While Blade Runner 2049 proves Ryan Gosling is willing to try the sci-fi genre, I am curious if he'd be willing to upgrade to cosmic levels. Reason being, the Hollywood heartthrob's charming personality, good looks, and skilled presence as a leading action hero make him the perfect candidate to play Richard Rider, who became the sole surviving member of the Nova Corps, acquired the collective powers of his fallen brethren, and put himself on a one-man mission to seek justice in the galaxy under the name “Nova.”
Fans have been waiting for this beloved cosmic hero to appear in the MCU for years and, because it has not yet been confirmed that he will debut in Guardians of the Galaxy Vol. 3, to me, that just means Gosling still has time to set up a meeting with James Gunn to discuss his chances.
Of course, if Ryan Gosling did play Nova, it would not be his first space movie, having played Neil Armstrong in First Man, director Damien Chazelle’s revealing biopic about the legendary astronaut. The role saw him effectively juggle two different personas: one of a cautious and progressively minded devotee of science and a family man whose work often gets in the way of his social skills - both of which describe Reed Richards, who actually became the very flexible crimefighter known as Mister Fantastic after he was exposed to cosmic rays during a fateful trip into outer space.
With the upcoming Fantastic Four reboot in development, the leading member of Marvel Comics’ first superhero family is one of the most sought after roles in Hollywood right now, and I think Gosling’s performance as the first man to walk on the Moon could be considered a winning audition tape.
When looking for Marvel characters that might have something in common with Ryan Gosling’s character from Drive (known only as The Driver), I did not expect to find one with the exact same name. Existing in an alternate, dystopian reality within the Marvel Multiverse, this anonymous, partially cybernetic human worked for the Mutant Underground Support Engine (or MUSE) as a getaway driver for and protector of mutants suffering a genocidal event at the hands of the government.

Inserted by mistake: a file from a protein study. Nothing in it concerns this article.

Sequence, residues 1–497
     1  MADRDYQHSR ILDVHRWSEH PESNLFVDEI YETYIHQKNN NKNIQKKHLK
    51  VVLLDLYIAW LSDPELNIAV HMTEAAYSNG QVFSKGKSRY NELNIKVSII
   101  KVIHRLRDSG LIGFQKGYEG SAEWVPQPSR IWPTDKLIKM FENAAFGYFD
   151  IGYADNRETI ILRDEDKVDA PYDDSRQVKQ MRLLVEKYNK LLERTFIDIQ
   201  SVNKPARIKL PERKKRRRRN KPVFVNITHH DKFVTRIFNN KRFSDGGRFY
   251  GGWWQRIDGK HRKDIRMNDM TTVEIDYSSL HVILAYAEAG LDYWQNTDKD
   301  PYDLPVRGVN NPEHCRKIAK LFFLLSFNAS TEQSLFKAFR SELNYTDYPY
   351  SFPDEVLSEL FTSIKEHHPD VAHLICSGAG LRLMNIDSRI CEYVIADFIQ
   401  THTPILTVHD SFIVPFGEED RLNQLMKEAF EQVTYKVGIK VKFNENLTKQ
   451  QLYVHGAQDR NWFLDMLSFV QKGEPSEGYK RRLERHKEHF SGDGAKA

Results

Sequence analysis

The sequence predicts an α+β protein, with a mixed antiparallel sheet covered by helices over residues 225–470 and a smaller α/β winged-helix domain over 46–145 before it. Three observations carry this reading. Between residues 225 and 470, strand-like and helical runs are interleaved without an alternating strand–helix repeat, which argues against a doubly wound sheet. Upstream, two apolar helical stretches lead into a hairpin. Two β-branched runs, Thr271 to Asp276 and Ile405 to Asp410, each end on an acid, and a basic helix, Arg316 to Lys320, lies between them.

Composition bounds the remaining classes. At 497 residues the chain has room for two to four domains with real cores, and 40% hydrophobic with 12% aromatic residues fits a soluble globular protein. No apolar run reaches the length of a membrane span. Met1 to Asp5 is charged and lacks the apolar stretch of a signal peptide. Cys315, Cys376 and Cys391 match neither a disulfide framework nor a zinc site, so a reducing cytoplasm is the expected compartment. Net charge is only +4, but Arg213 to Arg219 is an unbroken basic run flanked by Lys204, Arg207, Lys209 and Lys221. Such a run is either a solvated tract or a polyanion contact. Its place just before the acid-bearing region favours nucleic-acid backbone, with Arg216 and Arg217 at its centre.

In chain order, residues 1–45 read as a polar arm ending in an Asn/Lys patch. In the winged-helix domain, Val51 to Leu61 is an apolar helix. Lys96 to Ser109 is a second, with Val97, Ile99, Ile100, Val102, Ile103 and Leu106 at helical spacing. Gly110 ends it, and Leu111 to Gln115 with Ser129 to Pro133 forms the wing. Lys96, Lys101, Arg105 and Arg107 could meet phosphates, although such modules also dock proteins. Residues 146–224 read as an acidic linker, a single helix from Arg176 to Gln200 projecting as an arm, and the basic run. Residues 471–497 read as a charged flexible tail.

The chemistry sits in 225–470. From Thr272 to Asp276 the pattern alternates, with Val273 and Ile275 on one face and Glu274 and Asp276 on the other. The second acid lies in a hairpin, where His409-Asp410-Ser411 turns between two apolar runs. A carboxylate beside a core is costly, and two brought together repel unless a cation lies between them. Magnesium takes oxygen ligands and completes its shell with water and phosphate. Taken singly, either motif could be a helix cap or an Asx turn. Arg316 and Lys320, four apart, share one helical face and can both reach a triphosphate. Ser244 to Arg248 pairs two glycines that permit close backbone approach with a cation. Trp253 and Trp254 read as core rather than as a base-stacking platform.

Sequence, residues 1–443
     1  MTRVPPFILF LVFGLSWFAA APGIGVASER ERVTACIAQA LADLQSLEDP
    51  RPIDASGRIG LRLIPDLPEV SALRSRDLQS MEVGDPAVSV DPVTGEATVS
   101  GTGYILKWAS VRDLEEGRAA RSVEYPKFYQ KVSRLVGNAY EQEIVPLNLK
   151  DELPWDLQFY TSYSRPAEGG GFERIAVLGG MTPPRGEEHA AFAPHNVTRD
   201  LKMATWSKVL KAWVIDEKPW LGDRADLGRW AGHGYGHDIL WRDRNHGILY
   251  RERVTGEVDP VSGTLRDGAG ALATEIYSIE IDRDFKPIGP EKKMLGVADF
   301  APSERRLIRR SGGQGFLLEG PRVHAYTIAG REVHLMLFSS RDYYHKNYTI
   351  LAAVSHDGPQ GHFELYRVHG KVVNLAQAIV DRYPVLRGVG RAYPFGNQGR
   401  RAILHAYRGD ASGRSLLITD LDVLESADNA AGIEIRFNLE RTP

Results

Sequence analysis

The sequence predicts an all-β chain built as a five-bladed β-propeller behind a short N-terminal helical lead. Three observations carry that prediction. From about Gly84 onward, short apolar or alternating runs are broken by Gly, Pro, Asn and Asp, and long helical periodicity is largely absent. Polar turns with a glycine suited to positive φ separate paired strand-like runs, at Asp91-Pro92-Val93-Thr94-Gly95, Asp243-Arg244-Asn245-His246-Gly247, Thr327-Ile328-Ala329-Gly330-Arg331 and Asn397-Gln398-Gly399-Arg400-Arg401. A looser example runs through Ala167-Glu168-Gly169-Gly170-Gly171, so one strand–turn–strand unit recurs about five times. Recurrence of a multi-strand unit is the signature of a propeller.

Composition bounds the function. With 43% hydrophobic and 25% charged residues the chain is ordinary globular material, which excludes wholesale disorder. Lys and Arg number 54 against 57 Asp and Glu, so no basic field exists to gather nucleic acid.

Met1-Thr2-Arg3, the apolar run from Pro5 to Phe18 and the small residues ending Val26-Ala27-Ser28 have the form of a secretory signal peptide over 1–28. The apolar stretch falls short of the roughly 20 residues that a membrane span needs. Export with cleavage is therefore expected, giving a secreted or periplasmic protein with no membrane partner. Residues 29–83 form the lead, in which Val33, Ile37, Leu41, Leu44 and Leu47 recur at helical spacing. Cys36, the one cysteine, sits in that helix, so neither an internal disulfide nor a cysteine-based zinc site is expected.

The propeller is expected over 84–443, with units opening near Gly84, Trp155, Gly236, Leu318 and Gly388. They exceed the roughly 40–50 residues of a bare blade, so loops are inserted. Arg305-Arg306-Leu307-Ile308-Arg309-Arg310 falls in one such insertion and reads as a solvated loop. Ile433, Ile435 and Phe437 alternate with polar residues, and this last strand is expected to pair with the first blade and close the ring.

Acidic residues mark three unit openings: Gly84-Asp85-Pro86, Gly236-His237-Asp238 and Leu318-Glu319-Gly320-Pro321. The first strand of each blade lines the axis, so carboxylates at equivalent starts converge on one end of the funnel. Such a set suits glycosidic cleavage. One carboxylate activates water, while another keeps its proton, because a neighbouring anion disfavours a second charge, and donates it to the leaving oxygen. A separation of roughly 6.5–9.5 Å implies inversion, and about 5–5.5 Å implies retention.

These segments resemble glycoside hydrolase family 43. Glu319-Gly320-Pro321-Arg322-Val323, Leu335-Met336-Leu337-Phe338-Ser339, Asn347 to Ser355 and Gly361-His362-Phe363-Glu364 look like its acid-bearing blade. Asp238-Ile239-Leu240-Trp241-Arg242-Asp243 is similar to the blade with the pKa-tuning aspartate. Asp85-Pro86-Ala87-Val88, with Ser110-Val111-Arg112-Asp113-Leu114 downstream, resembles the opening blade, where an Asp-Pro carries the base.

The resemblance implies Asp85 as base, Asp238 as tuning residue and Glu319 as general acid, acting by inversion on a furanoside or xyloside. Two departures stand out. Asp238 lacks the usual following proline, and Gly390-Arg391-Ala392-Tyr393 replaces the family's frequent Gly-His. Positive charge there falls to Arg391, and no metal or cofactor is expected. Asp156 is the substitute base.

If not just for the chance to see Marvel’s X-Men: 2099 comic book arc make it to the big screen, the chance for Gosling to pay some subtle tribute to one of his best known and beloved characters in one of Hollywood’s best known and beloved franchises is good enough reason for me to want to see this casting happen.
As a huge fan of Drive, I am still willing to admit that there is probably a better chance of Ryan Gosling being cast as in the DC movies as another version of Batman. (I mean, never say never, right?) However, that being said, we should not rule out the actor’s potential future as a Marvel star, which begs the question, which Marvel Comics character is he truly the best choice to play?
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Jason has been writing since he was able to pick up a washable marker, with which he wrote his debut illustrated children's story, later transitioning to a short-lived comic book series and (very) amateur filmmaking before finally settling on pursuing a career in writing about movies in lieu of making them. Look for his name in just about any article related to Batman.